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Medicare | Care Coordination

A Financial Case Study: Tales of a Medicare Care Coordination Operation

February 6th, 2019 | 11 min. read

Earl Hutz

Earl Hutz

Since May 2017 I've been fortunate to own the role of ThoroughCare's COO, bringing 20+ years of Healthcare IT Operations and Management experience. Aside from a value-based care advocate, I'm also a proud husband and father, a below-average golfer, and a devoted Philadelphia sports fan (but don't hold the latter against me...)

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Physicians and their staff have long been advised of the quality of life improvements afforded through the implementation of care management, wellness, and prevention programs for Medicare patients. 

But do they really understand what is to be gained financially?

Care coordination.  Value-based care.  Population health. 

These catchphrases resonate with everyone in the healthcare industry (unless you live under a rock). By getting ahead of the medical and behavioral conditions from which patients suffer (or are bound to based on complex data analysis), particularly for those patients who demonstrate the greatest amount of risk (poor health, limited education, socioeconomic challenges, etc.), we can generate significant improvements in both health outcomes and costs of care.

A genuine, if not a benevolent, idea, which on the surface seems achievable, yet hasn’t been at nearly the levels that it should be; patients with a minimum of one chronic condition account for 99% of the Medicare spending, while issues related to obesity alone amount to nearly $200 billion in healthcare costs.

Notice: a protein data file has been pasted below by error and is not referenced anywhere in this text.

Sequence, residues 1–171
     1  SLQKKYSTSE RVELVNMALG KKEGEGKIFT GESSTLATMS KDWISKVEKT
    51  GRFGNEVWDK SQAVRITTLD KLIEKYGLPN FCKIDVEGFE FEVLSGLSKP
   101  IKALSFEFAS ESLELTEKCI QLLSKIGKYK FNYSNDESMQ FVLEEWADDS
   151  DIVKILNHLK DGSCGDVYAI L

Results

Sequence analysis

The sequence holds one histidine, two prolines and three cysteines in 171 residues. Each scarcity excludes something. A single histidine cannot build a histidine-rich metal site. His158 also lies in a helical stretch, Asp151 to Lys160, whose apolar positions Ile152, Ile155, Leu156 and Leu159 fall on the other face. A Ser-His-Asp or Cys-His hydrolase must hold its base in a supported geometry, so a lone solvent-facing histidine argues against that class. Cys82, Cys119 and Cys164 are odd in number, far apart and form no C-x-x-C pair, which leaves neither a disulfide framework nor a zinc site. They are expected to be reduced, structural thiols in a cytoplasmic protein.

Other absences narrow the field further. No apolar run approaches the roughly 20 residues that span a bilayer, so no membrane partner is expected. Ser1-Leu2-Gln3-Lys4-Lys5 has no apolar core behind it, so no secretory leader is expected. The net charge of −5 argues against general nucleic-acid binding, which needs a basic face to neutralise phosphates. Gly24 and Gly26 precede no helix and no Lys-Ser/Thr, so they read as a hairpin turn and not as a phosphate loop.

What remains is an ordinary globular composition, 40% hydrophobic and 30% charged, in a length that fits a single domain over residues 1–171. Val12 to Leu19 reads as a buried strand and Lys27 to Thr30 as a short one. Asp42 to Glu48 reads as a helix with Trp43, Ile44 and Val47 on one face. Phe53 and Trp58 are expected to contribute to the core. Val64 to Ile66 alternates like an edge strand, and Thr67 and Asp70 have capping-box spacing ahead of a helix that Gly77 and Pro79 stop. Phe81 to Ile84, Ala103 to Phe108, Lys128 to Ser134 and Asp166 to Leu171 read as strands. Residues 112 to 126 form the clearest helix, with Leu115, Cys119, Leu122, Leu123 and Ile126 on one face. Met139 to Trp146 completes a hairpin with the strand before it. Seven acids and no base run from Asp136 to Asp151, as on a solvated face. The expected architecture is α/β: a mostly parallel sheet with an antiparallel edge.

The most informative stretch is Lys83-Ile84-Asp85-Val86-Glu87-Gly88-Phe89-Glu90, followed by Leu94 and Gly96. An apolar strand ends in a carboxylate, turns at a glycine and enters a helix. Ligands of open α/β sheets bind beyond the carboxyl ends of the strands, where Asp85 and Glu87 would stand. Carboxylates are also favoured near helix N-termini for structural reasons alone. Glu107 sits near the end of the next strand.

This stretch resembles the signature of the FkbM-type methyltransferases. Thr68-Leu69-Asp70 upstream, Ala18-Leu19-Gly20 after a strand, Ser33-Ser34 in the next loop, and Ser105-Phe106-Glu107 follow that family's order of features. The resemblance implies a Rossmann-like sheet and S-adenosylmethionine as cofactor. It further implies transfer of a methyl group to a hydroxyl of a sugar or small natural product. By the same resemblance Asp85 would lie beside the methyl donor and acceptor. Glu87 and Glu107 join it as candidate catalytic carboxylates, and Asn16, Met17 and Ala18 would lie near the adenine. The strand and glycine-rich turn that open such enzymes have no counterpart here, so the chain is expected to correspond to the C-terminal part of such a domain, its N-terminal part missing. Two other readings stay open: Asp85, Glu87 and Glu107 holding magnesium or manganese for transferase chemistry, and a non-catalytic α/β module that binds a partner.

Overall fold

While patient accountability and willingness to engage with clinical professionals continues to be a noticeable hurdle, many physicians play a role in the slow transition to a preventive model of care.  How can we further entice them to move more quickly in the appropriate direction?  Well, here’s another well-known catchphrase: Money talks.

In the paragraphs below, I tell a story about a chronic patient named Jane Doe, a 67-year-old diabetic with hypertension.  In this story, we’ll uncover several preventive and care management services for which she qualifies, discuss their delivery, and end on a happy note through the demonstration of improved clinical outcomes and overall health quality – a tale as old as time! 

Following its completion, we’ll revisit this story in the context of services provided to Jane and their claim reimbursement opportunities, and we’ll talk about what this can mean to the primary care practice at scale.

The Story of Jane Doe

Now, let’s tell Jane’s story.

Jane is a frequent visitor to her primary care doctor, Dr. Godla, but these visits are for the wrong reasons – she has regular bouts with acute illnesses, resulting from her overall well-being (or lack thereof).  In her latest visit, Dr. Godla advises that Jane should undergo an Annual Wellness Visit (AWV) to set a baseline health status, identify opportunities for improvement (as well as their barriers), and set goals for future achievement. 

As part of her wellness visit, Dr. Godla and his staff perform a health risk assessment, which includes logging vital measurements such as heart rate, blood pressure, weight, etc.  They advise Jane that she is eligible for Nutritional Counseling (per her Diabetes), Behavioral Therapy for Obesity (due to her high BMI), Counseling to Prevent Tobacco Use (she is a pack-per-day smoker), and Depression Screening.  She is also advised of her qualification for enrollment in a Chronic Care Management (CCM) program (due to her multiple chronic conditions) and is provided with a glucometer and a blood pressure device for the Remote Monitoring of vitals.

Three days following Jane’s visit with Dr. Godla and his staff, she receives a call from Patti, her newly assigned case manager. Patti takes Jane through a care plan assessment to not only further define Jane’s clinically-oriented goals but to discuss what “quality of life” means to Jane and identify goals that Jane sets, with Patti’s assistance, for herself.  Patti and Jane will forge a close-knit relationship over the coming months.